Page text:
The military retirement system is one of the best retirement programs you will find anywhere in the world – after 20 years of active duty service, military members are eligible to retire at 50% of their base pay, plus full medical care for themselves and their qualified dependents under TRICARE (there is a small annual enrollment fee). Military members can also earn a larger retirement by serving longer than 20 years. Each additional year served can earn them an additional 2.5% of their base pay. So serving 22 years would equal 55% base pay, 30 years would be 75% base pay, etc. (Please note, this is a simplified version of the military retirement system; there are several different retirement options, depending on when the service member joined the service, which option they selected if they had a choice, etc.).
Military Veteran Benefits
Military veterans also have access to a variety of benefits programs once they leave the service. Benefits eligibility is always on a case-by-case basis, and can be complicated (it literally takes an entire website to cover everything!). Here are a couple programs which are common to many military veterans:
- GI Bill. There are two primary versions – the Montgomery GI Bill, and the Post-9/11 GI Bill. Both of these programs give veterans education benefits to help them pay for college courses or professional certifications.
- VA Loan. The VA Loan is a government sponsored home loan guarantee program to help service members buy a house. Military members still must qualify for the loan, but the government will back the loan if the buyer defaults.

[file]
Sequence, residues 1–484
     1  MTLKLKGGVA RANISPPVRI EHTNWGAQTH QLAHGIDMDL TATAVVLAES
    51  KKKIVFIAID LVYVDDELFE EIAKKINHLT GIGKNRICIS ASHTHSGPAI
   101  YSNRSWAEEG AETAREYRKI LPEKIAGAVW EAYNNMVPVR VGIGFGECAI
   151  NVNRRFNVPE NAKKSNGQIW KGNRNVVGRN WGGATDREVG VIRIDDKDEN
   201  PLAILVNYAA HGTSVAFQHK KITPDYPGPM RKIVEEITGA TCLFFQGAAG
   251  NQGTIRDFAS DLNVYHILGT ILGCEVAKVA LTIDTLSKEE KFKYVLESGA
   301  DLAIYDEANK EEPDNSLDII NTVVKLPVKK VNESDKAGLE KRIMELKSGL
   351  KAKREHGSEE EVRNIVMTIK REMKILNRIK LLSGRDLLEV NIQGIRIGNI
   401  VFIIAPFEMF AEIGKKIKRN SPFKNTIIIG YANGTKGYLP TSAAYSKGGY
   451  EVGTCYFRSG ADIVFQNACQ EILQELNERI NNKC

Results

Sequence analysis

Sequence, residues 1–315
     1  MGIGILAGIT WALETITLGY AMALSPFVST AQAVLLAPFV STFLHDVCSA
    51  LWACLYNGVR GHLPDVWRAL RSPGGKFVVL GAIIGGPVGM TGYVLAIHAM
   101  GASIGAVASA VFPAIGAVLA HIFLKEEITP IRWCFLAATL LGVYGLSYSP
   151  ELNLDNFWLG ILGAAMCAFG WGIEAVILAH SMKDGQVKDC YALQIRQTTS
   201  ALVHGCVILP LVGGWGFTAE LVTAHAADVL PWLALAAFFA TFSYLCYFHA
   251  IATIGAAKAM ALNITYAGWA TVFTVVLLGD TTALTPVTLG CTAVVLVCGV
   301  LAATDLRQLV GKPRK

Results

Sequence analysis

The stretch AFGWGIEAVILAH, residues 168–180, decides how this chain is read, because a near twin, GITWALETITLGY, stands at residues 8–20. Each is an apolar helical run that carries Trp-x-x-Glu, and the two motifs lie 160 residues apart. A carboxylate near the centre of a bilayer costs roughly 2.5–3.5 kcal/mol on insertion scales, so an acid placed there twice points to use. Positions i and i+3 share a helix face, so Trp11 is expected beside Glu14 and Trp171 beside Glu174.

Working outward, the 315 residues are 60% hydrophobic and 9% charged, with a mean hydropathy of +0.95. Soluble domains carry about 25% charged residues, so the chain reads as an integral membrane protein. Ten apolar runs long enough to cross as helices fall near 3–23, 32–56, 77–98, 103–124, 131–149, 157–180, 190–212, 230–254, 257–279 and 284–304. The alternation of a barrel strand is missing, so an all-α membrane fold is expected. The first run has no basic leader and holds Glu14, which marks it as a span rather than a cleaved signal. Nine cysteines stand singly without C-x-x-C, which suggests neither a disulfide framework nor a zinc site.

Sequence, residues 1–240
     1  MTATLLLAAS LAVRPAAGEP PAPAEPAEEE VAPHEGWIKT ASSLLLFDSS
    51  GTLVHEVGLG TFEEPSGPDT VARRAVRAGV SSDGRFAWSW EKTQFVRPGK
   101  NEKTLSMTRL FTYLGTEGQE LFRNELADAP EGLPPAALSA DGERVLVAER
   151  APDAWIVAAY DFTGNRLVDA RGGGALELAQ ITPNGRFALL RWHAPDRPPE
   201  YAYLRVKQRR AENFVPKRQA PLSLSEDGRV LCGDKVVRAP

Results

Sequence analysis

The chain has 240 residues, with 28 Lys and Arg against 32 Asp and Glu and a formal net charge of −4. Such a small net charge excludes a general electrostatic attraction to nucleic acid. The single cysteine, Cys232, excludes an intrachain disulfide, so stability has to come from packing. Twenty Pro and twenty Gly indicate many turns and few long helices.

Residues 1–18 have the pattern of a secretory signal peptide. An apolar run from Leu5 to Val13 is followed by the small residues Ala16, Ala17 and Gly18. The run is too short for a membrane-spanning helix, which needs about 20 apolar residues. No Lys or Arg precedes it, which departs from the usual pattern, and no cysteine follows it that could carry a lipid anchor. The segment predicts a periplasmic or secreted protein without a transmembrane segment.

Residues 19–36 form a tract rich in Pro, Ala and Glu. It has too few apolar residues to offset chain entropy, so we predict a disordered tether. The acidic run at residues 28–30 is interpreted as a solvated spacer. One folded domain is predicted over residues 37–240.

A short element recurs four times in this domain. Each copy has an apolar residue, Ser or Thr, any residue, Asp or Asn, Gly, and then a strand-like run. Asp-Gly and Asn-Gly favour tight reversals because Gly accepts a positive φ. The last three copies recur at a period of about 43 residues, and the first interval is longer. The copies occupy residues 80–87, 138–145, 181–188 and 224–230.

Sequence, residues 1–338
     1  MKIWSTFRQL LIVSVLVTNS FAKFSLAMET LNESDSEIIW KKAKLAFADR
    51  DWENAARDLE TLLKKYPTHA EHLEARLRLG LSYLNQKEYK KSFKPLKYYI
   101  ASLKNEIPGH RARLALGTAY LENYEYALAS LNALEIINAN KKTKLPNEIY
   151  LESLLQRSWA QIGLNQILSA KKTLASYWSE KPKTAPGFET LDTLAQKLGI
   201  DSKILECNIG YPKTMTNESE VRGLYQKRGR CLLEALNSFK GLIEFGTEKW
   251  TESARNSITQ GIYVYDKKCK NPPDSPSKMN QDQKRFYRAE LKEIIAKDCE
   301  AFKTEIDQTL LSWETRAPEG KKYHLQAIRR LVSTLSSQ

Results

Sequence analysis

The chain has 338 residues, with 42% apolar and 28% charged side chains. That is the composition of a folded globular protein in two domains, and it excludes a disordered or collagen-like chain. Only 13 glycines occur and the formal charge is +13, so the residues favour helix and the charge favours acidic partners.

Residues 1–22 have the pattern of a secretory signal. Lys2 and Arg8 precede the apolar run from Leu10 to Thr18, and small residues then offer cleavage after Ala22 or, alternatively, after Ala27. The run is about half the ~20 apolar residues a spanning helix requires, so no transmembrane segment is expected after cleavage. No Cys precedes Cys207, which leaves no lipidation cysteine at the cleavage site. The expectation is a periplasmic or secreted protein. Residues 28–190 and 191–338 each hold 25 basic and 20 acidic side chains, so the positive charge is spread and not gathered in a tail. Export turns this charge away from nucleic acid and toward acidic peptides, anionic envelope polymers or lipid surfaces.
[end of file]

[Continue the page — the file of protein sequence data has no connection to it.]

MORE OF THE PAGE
- VA Health Care Benefits. Virtually all veterans are eligible to qualify for VA health care benefits, depending on a variety of factors including their service dates, whether or not they have a service-connected disability, their income and other factors. If you are a veteran and are in doubt of your eligibility, please apply for benefits – you may just find you are eligible.
- Additional VA Benefits. There are many more VA benefits for veterans. Again, it is a complex topic, so we created a veterans benefits guide to help veterans find different programs the may be eligible for.
Just the Tip of the Iceberg
Again, the military pay and benefits system is very large, and very complex. Hopefully this article will be a good starting point to help you understand the basic benefits many military members and veterans are eligible to receive. If you are looking for more information about joining the military, then contact your local recruiter, or even better, speak with someone you know who is currently serving – they will give you a better idea of what to expect, without trying to sell you anything.
If you are a veteran who is looking for more information about veterans benefits, then I recommend contacting the VA, or a veterans organization such as the Disabled American Veterans (DAV), Veterans of Foreign Wars (VFW), American Legion, Iraq and Afghanistan Veterans of America (IAVA), or another similar veterans organization. They all have trained individuals who will offer free assistance to help you apply for veterans benefits. You can also contact me via the contact page of my sites, or via Twitter and I will do my best to point you in the right direction.